To be honest, we did nothing in Belem. We desperately needed to sleep and detox after Carnaval, and quickly got comfortable lounging around our hostel. Soon, even the most menial tasks were overwhelming. Originally, we were supposed to spend 24 hours in the city. It was going to be a quick stopover before we booked hammock space on a cargo boat and cruised the length of the Amazon River from Belem to Manaus. When we arrived, however, we found out that a brand new boat was sailing for Manaus this upcoming Saturday. The lady ensured us it would be very nice and, not being in much of a hurry, we decided to hang around for 4 days.
Each day we came up with a task to complete. Groceries. Laundry. Buy hammock. After we completed one task, we felt accomplished and could spend the morning and the evening catching up on reading. So that’s what we did. Our mornings were filled with LOTS of coffee drinking and writing; then, each afternoon we spent a little time at the market.
Belem’s market is THE largest open aired market in all of South America! It runs along the riverfront and holds just about everything you can imagine. To begin with, there are rows upon rows of clothing: sweatshirts, t-shirts, football jerseys, bathing suits and the such. Then Hammocks. Hammocks are a very popular commodity in Brazil is seems, and Belem’s market had colourful, hand-woven hammocks strung up all throughout the stands. After that there were crafts, and trinkets, and carvings, and toys. Then finally the food began! Hundreds of cheap eateries all packed together in one area. Each sold a version of fish and meat with the usual rice, spaghetti, beans and salad. They had wooden stools to sit on, and one, very reasonable, price for everything (we paid a little less than $3US for a massive plate of food that neither of us could finish). After the eateries were vegetable markets. Huge pallets of tomatoes, peppers, onions, and MANY things I’d never even seen before. I’m assuming these were local to the area, and, with one of the most diverse ecosystem’s on Earth at your fingertips, I’m sure there were an endless number of unique foods sold there. After the fruits and vegetables, venders sold hundreds of little vials of liquids all labeled in Portuguese. It wasn’t until I looked in our guidebook later that we realized they were extracts from plants found in the Amazon jungle. They were natural healing remedies that the locals used, apparently, quite frequently! Bottles of coconut milk were sold, then the meat: live chickens, ducks, rabbits etc were in cages all waiting to be freshly picked for eating. Finally came the fish. The smell was horrid, as to be expected in an outdoor fish market, but the selection was incredible. Every day the fishermen go out early in the morning to fish, by 5am they are all back at port and selling their goods to the venders. It’s a hectic scene as people shout prices and throw around fish, trying to get the best deals (as we saw on our last morning when we passed on the bus early in the morning).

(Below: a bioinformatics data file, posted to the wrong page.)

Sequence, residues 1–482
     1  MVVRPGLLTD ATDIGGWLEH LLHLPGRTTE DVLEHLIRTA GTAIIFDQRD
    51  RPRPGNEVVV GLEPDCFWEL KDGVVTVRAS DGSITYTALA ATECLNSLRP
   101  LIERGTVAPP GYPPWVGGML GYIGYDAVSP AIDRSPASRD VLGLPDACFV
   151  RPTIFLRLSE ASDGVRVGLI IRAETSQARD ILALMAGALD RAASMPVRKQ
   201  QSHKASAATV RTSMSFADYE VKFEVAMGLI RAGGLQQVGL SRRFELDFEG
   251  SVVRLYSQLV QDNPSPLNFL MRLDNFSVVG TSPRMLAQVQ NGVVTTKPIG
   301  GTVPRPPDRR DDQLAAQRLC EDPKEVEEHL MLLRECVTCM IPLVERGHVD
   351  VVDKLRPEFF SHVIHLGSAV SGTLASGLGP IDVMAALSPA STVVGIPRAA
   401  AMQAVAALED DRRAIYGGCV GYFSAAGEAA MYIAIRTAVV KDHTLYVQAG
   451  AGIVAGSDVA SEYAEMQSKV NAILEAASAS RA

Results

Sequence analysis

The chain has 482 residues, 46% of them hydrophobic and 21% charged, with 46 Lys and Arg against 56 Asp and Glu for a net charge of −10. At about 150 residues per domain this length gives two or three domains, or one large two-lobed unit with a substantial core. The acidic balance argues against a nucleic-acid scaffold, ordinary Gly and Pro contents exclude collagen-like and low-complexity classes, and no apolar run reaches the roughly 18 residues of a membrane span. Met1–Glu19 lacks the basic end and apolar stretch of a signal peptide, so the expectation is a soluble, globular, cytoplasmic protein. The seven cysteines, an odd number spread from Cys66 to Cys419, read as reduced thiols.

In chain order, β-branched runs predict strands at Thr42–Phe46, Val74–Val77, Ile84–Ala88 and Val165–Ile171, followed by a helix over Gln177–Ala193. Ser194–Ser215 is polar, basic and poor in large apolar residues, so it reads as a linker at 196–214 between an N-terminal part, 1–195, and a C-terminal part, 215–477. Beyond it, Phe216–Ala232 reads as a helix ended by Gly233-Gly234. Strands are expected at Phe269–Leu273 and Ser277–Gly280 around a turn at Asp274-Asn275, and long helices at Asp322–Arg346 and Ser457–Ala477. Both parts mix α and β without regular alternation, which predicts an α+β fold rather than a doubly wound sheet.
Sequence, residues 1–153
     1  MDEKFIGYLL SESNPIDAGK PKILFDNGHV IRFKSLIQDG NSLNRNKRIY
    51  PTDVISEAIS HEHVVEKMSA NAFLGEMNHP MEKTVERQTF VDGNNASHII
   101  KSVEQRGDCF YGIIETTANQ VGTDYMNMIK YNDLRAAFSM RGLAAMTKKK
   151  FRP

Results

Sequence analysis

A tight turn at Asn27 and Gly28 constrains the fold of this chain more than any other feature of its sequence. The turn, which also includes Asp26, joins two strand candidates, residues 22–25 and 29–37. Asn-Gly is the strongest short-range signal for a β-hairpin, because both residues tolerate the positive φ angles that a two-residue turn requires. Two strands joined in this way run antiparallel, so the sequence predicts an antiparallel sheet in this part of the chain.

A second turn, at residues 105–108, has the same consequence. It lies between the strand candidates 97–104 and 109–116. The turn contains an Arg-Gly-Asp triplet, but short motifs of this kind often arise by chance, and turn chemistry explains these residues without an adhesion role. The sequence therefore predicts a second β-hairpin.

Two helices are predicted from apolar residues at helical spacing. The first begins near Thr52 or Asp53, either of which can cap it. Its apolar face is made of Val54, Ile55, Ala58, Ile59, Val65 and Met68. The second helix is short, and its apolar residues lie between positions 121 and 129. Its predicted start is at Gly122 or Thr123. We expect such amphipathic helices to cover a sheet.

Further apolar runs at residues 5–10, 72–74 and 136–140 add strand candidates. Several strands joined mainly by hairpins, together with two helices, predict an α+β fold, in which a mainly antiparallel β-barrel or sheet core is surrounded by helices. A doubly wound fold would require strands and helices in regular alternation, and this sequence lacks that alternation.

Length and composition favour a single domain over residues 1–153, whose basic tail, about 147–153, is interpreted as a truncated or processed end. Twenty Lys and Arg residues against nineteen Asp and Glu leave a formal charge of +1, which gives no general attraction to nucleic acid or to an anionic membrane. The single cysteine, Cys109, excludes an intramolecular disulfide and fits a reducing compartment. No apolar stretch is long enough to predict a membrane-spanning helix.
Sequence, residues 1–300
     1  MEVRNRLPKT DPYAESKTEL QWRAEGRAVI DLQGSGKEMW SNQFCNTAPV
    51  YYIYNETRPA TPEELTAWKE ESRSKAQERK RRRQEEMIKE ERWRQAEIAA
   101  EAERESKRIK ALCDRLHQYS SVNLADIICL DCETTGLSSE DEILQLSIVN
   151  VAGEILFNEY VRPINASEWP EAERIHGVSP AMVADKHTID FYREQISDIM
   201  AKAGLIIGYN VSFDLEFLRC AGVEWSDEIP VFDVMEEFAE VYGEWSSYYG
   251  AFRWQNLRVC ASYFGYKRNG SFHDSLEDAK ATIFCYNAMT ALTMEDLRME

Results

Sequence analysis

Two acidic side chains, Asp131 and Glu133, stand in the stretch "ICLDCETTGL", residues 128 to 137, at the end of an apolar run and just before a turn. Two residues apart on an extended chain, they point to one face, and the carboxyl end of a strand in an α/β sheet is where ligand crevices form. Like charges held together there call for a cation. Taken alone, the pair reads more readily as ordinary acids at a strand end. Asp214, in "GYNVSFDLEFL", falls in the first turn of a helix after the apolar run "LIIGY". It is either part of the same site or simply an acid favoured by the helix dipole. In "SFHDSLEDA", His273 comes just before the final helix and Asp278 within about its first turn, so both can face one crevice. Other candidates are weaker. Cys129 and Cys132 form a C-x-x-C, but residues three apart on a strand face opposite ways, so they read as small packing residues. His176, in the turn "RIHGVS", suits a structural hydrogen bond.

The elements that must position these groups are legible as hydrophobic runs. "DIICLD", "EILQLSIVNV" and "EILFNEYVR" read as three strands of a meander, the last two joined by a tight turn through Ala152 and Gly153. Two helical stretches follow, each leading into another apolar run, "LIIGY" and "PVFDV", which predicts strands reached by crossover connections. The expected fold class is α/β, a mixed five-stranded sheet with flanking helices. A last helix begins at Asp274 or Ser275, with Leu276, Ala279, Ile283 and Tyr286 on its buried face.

At the more “affluent” end of the market – which was enclosed and air-conditioned – there were loads of expensive buffets, small restaurants and a brewery. We found and acai berry shop and sat down for prawns and acai on our first day in Belem. We ended up sitting with a couple from California that we had literally met only 20 seconds earlier. They heard us speaking English, asked us where we were from, and we asked them to join us for lunch. Afterwards, we remarked how different things can be when you travel. I HIGHLY doubt I would invite a random couple for lunch on the sole fact that they speak the same language as me back in Vancouver! But it’s such a normal thing to befriend someone instantly when you are in a different country.
We all loved the acai. It is actually everywhere you turn in Brazil, so I’m amazed it took us this long to try it. At this place they sold it in litres; it comes out in a thick dark purple liquid that has a similar consistency to yogurt. It has a fairly bitter taste alone, and will stain your teeth purple in an instant, but, after adding a little sugar and tapioca, the stuff was delicious! Not to mention, it’s considered the super berry of the world with all the supposed health benefits it provides. We’ve had it several times since in Brazil, and I’ll be on the look out in Vancouver when I’m back!
Our lazy few days were easily pushed along by the weather. Although it was hot and muggy during the afternoon, by about 5 o’clock everyday the rains came in. I suppose that’s why the Amazon is considered a rainforest. But these were not just normal rains; these were torrential thunderstorms that boomed across the city for a few hours each evening. I have never heard thunder this loud before. The rain bucketed down in waterfalls all across the city and even within our hostel walls I jumped with every clash of thunder. The storm lasted just a few hours, then calmed down around 9 or 10. So we spent that time watching movies and playing cards: a far better alternative to bearing the storm outdoors!
When Saturday arrived it was time for the boat! We were up at a ridiculous hour of the morning (first from a man wailing in the halls of the hostel at 3am, and then from our alarm a couple hours later) to set up our spot on the boat and trek up the entire length of the Amazon proper!